10th Anniversary of September 11th

by Mike Walter

This past Sunday marked the 10th anniversary of 9/11. Unless you are old enough to remember Pearl Harbor (not exactly Stacy Zemon’s target readership), September 11th, 2001 is probably the worst day you have ever experienced as a citizen of the United States.

And while everyone in America (and probably most people in the world) can tell you where they were and what they were doing when those planes hit the buildings, I find it just as intriguing when I speak to Mobile Disc Jockeys and the topic turns to the parties that we did immediately following that day. They were, for most of us, the toughest and yet most rewarding parties we have ever thrown.

I know because I entertained at many of these events myself. I actually did a Networking event on September 12th. (I was shocked when they didn’t cancel it.) I remember clearly the challenges that went along with them. How those painful “Moments of Silence” would bring the entire room’s mood down and then, as the entertainment, we were expected to pick it back up. How clients inevitably wanted us to play Lee Greenwood’s “God Bless the USA” which would fill the room with a mix of defiance and depression. And how, especially here in the North East, clients and guests would always want to talk to us about someone they knew who perished on that day, when all the while we were trying to maintain a positive attitude so we could get the party started.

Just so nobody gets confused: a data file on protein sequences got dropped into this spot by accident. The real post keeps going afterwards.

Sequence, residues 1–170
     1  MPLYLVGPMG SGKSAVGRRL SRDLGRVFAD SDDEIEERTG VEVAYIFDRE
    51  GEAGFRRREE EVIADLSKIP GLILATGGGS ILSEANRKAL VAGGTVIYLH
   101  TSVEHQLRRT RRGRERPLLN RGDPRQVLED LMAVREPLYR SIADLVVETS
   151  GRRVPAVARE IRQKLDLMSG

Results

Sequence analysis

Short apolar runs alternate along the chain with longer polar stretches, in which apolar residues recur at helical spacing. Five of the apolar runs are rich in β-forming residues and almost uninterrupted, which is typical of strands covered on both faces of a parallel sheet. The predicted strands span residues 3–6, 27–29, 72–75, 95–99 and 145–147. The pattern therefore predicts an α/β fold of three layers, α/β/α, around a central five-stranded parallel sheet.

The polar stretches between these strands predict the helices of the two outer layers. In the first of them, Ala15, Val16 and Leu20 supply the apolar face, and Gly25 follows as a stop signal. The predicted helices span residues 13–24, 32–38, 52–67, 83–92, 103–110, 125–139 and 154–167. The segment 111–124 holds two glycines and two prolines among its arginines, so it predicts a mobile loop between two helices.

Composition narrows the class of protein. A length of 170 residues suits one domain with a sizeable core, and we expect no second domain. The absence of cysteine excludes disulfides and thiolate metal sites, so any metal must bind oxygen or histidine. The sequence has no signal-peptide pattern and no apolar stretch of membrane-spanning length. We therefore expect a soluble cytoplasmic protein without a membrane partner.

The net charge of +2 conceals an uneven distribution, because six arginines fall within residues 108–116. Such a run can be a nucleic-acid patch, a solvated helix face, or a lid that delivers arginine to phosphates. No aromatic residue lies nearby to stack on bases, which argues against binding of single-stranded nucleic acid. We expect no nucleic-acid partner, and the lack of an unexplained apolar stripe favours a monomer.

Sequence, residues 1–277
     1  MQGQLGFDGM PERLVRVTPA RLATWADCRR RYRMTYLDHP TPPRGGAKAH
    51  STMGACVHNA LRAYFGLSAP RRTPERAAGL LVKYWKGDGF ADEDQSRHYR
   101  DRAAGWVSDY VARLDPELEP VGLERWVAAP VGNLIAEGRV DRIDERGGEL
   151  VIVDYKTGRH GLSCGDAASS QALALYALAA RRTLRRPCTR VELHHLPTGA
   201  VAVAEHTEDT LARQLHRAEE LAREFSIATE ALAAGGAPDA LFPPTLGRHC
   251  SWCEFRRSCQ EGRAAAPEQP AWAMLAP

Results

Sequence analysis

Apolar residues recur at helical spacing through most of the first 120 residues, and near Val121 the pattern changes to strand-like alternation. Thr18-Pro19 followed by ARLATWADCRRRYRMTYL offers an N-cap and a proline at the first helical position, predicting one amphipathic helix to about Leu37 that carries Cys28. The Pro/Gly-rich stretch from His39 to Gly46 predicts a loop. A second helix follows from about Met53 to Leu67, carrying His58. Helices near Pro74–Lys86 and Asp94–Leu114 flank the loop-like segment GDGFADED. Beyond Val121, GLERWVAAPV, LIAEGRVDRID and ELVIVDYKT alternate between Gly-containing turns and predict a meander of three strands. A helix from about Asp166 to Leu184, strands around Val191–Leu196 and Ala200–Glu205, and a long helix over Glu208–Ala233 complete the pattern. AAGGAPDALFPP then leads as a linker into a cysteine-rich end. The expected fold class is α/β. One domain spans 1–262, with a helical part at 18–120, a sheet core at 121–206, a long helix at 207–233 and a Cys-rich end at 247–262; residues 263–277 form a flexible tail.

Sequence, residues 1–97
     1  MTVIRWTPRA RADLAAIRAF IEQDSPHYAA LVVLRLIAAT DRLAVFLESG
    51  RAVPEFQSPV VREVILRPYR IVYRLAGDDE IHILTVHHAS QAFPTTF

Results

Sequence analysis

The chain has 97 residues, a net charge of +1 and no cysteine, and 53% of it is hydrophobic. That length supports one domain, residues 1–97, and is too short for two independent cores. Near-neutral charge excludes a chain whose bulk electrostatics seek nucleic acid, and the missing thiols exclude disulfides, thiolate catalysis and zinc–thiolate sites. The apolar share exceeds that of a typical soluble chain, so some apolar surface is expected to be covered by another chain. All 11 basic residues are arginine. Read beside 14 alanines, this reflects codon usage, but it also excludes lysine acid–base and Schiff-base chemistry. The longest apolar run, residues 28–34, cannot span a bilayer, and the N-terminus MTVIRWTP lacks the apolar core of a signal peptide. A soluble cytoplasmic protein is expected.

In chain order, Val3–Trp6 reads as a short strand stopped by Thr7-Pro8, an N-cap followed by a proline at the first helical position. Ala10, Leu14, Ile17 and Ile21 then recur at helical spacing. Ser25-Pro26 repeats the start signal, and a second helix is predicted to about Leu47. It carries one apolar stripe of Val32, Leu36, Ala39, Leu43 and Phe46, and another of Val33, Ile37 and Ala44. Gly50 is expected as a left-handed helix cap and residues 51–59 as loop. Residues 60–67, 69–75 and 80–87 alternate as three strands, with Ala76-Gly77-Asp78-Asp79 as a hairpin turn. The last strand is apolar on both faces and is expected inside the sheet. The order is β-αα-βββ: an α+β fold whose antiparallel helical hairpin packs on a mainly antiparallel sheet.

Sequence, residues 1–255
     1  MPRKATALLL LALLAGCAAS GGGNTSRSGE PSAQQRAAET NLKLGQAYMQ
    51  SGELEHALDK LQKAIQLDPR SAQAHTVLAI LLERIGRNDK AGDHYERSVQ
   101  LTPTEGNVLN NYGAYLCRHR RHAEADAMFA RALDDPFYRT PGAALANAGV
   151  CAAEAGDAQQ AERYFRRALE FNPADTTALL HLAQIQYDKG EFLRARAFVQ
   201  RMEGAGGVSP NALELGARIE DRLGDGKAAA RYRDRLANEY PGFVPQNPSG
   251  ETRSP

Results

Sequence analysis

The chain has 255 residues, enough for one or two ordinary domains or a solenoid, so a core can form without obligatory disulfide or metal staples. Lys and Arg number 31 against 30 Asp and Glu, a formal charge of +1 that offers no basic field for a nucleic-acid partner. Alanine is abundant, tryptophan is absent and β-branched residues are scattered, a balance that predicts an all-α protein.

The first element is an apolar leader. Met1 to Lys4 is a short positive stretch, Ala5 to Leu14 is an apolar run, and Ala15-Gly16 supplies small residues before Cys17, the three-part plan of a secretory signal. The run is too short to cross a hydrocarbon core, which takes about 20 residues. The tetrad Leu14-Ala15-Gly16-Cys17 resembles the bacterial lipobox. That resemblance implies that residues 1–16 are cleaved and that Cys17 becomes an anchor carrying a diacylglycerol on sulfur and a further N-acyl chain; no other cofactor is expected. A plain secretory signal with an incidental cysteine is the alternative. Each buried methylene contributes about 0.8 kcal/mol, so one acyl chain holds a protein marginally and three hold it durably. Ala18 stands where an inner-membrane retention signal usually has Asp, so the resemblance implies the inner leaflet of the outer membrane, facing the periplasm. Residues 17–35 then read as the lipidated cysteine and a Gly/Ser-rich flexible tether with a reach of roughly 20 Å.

As I said, they were tough events, but they were also the most rewarding. I often think about those brides and grooms who got married on that following weekend. Both the Major Leagues and the NFL had suspended their schedules and yet these family events, for the most part, went on. I had a wedding on that Saturday (September 15th) where the Bride’s Dad had to drive up from Florida because the airlines still weren’t flying full schedules. He made it, and that Father-Daughter dance is one I will never forget.

As a Multi-Op Owner, I had a pretty good idea, in the days that followed September 11th, that my staff might need a good pep talk. And as I thought about writing this article, I remembered a memo that I had sent to everyone on my staff on September 13th, just 2 days after the tragedy but in time for that weekend. I reprint it here because I think the topics are important for all of use to remember, especially when the zeitgeist leans towards anxiety and uncertainty: